2. Ask for your things back
You can ask for your things back (make a ‘restoration request’) even if you agree customs was right to take them.
If you think you should get your things back because you didn’t break the rules (eg you brought in alcohol for your own use) you must ask for a court hearing instead of making a restoration request.
If your request is accepted, you can get your things back but you may have to pay a fee and any duty you owe.
You may be offered compensation if your things have already been destroyed or sold.
Making a request
Follow the example letter or write your own.
You must explain why you think you should get your things back, eg you can now provide missing import or export documents.
You must include:
- the seizure reference number on the notice you got from customs
- your name and address
- a list of the things you want back - include details, eg quantities and brands
- proof of ownership - for a vehicle, this must be proof of purchase, eg a receipt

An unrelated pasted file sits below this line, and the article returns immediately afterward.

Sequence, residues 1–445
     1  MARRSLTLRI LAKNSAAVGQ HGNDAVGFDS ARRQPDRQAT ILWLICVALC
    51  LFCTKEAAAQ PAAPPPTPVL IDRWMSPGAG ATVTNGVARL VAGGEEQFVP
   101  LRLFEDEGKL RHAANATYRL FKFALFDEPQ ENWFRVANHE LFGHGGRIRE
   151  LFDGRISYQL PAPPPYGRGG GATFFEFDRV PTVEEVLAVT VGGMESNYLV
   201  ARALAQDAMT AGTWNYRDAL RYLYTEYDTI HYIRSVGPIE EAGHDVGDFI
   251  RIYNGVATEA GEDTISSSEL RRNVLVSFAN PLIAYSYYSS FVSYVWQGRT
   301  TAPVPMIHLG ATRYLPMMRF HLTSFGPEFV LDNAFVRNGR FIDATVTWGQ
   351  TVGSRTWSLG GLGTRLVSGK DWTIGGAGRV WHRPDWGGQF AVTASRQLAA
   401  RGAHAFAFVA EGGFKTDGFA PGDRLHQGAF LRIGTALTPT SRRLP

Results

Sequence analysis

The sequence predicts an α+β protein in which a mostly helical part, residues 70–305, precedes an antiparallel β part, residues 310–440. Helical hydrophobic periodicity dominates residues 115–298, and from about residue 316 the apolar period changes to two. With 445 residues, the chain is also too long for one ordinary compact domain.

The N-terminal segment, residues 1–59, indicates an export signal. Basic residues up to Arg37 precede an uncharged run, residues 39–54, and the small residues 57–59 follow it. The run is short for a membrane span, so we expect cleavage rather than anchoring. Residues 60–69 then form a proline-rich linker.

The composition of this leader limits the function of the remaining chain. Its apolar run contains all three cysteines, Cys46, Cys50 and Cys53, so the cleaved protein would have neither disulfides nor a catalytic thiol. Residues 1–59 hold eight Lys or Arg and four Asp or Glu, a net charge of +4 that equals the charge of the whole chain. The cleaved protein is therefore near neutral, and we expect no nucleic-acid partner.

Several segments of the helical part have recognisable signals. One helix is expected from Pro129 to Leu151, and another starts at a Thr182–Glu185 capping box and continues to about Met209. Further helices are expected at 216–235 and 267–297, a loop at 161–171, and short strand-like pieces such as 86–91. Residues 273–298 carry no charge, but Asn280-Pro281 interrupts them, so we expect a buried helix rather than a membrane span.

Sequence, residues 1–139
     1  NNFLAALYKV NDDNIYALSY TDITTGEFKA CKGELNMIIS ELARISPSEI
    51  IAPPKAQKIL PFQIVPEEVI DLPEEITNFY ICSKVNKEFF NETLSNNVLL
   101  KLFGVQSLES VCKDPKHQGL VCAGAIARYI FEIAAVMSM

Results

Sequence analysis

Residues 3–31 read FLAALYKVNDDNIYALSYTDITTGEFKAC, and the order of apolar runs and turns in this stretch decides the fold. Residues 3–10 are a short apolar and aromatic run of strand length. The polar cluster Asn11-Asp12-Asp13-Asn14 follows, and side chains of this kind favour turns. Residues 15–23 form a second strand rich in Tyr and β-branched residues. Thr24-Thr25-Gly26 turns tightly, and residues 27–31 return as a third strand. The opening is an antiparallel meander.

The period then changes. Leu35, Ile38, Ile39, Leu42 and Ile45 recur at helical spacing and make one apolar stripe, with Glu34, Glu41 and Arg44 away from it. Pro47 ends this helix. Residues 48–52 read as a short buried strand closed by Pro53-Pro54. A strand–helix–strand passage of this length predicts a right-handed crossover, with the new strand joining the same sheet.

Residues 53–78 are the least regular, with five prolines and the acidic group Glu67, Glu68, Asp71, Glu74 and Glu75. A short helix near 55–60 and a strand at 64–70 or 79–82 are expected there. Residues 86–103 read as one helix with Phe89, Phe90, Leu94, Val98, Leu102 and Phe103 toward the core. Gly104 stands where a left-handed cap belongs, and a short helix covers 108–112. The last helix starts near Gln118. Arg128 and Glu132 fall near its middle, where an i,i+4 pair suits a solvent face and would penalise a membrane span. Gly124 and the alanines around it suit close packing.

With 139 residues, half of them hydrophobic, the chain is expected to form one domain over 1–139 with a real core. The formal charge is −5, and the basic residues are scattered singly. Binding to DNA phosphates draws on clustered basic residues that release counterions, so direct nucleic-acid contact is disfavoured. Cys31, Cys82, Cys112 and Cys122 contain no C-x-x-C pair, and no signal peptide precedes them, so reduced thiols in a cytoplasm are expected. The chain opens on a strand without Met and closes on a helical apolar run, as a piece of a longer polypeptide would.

- anything else that supports your request to get your things back, eg import documents
Notice 12A gives detailed guidance about making a restoration request and getting compensation.
Where to send it
Send your request to Border Force if it seized your things.
National post seizure unit
If HM Revenue and Customs (HMRC) seized your things, send your request to the address on the notice or letter you got from customs.
Check the notice or letter you got from customs if you don’t know who seized your things. Contact HMRC if you need a copy of the notice.
There’s no deadline for making a restoration request. But your things will usually be destroyed or sold:
- straight away if they’re perishable, eg food, beer or tobacco
- 45 days after they’re seized if they’re not perishable, eg spirits and cars
If you send a restoration request, non-perishable things are usually kept until your request is considered.
Getting legal help
You can appoint someone to deal with your request for you, eg a solicitor. Send an agent authority form with your request.
If you’re unhappy with the response
You can ask for the response to your request to be reviewed if:
- you don’t get your things back or get compensation
- you disagree with the fee for getting your things back
The letter telling you the response will also tell you how to ask for a review.
If you disagree with the review
You can appeal to the tax tribunal if you disagree with the outcome of the review.